Internationalisation and the quality of higher education
One of the practices that strengthen the quality of education in higher education institutions is what is known as internationalisation. Simply put, internationalisation is cross-border higher education, in the sense we talk of cross-border trade. Internationalisation, therefore, refers to a situation where a university, for example, integrates intercultural and international practices from an international university or universities into its core functions of teaching, research and community engagement. Internationalisation takes place when students, academics, programmes or courses or course materials actually cross borders to other universities. In simpler terms, internationalisation involves the mobility of students and academics, and the adaption and adoption of international programmes or single courses. We then talk of out-bound mobility, we refer to students and academics going out of their country to international universities, and in-bound students and academics, meaning those who are coming into the country from international universities. Students and academic exchanging programmes between and among universities are good examples of internationalisation of tertiary education. Universities in Namibia, for example, have signed memorandums of understanding or partnership programmes or collaborations with other universities in the world.
Internationalisation has many benefits to its partners. With regard to programmes, a university that practises internationalisation enhances its degree programmes by incorporating content from a partner university or universities depending on the needs. Students benefit from internationalised degree programmes even when they have not gone out to international universities. When the internationalised degrees succeed, we say the institution has succeeded in internationalising its curriculum. This is internationalisation at home, literally meaning that the students have an internationalised curriculum when they are at their home university. In some cases, students have to cover certain courses in degree programmes offered by an international university away from home. In this case, students in one country have to go and attend classes in another country for a specified period of time, say six months or a year depending on the agreements. The students come back from the host university with credits or courses that will be transferred to their degree programmes at the home university. The internationalised learning and exposure add value to the students’ degrees. Related to this are the cultural interactions that take place during this period in a foreign country. In addition, students take advantage of the period away from home to form networks with students from different countries.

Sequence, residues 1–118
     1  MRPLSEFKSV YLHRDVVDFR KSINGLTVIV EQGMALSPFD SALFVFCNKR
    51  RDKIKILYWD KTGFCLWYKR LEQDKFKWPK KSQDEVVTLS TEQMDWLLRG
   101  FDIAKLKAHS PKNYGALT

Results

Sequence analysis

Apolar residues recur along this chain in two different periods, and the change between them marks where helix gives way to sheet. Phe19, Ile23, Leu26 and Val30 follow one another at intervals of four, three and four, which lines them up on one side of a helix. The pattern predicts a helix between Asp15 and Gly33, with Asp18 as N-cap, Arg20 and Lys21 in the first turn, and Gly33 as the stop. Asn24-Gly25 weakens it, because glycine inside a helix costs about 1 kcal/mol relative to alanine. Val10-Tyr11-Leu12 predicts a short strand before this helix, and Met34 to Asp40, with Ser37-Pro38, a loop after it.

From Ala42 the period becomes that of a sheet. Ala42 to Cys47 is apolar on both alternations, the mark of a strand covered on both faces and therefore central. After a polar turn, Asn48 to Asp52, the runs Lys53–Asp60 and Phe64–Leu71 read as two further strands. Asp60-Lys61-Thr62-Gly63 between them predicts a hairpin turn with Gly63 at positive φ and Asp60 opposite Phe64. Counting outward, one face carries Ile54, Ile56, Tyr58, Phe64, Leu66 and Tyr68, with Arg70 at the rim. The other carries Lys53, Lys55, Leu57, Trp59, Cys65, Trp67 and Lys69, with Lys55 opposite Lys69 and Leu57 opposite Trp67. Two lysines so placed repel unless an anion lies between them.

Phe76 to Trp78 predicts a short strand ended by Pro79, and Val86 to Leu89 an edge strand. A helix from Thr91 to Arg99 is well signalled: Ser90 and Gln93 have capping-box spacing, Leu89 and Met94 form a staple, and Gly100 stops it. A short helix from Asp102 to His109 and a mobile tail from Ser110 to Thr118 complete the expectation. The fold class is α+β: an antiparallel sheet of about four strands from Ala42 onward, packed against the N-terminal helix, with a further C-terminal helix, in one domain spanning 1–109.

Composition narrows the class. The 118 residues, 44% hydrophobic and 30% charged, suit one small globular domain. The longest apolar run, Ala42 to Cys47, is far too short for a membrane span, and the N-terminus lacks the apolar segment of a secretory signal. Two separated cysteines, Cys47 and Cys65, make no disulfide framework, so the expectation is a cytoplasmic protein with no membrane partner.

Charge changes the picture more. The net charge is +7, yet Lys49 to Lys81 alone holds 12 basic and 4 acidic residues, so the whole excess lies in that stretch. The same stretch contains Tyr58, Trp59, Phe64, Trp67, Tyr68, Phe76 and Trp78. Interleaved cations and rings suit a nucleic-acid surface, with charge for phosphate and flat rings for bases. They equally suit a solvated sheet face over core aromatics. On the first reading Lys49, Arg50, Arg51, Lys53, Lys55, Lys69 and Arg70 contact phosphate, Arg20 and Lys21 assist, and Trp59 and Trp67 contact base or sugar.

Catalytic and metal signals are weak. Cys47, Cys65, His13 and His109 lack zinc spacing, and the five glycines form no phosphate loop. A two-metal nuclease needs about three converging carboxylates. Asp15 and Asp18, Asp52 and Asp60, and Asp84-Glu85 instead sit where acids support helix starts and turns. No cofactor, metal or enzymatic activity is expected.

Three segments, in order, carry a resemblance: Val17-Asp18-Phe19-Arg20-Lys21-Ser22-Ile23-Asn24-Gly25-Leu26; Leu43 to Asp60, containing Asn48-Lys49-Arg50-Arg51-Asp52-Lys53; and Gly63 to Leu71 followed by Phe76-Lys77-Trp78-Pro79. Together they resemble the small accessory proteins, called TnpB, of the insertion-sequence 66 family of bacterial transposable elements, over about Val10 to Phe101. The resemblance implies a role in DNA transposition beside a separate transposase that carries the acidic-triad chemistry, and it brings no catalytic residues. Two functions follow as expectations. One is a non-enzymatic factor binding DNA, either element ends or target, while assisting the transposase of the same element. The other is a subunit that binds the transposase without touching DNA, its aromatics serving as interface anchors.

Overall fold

Similarly, out-bound mobility strengthens the delivery of academic staff and researchers. Staff exchange programmes contribute to the professional development of local academics. Also, internationalisation can occur during contact visits and sabbatical vacations of academics to other intuitions. The collaborations between and among universities lead to a cross-fertilisation of ideas and collaborative research inputs that benefit the partner academics and universities.
Internationalisation can also be implemented through what are called international branch campuses. Universities, especially leading universities in developed countries, construct physical campuses in other countries. The international branch campuses bear the names of the mother institutions, for example, UK’s Nottingham University has a Nottingham University in Malaysia. I had an opportunity of visiting this magnificent university during my visit to Malaysia in 2014. Most of the programmes offered at the Malaysian campus are similar to those offered in UK.
Nearer home, we have witnessed foreign university operations akin to international branch campuses. For instance, the Midlands State University in Zimbabwe runs programmes in Namibia although the university has no physical infrastructure. It uses third parties to conduct its business here.
When an institution recruits academic staff from all over the world, such an institution strengthens the quality of its degree programmes as this is another form of internationalisation. The heterogeneous nature of academic staff is healthy as each academic brings something new from the previous institution, which will add value to the curriculum. Foreign academics are therefore crucial for any university; there contributions should be cherished and acknowledged.
For successful internationalisation to take place, there must be planning. It must be clear what an institution aims to achieve from a certain form of internationalisation. It is important to decide which institutions to target for specific goals before engaging them. It might be that the target partner institutions excel in science education, social sciences, humanities or agriculture and the interest of your institution are in these areas. Internationalisation plans assist institutions in choosing key partners for their purposes. Institutions are discouraged from taking ad hoc actions as far as interantionalisation is concerned, as this approach does not yield good results in the end. Most importantly, all academics must support internationalisation efforts of their institution so that students are not affected in cases where students spend time away from the home institution.
When it is well planned and executed, internationalistaion results in a high quality of education and produces individuals who fit in this global society.
* Professor Jairos Kangira is the Dean of the Faculty of Humanities and Social Sciences at the University of Namibia. He writes on his own accord.
New Era Reporter
2019-03-08 10:15:24 | 8 months ago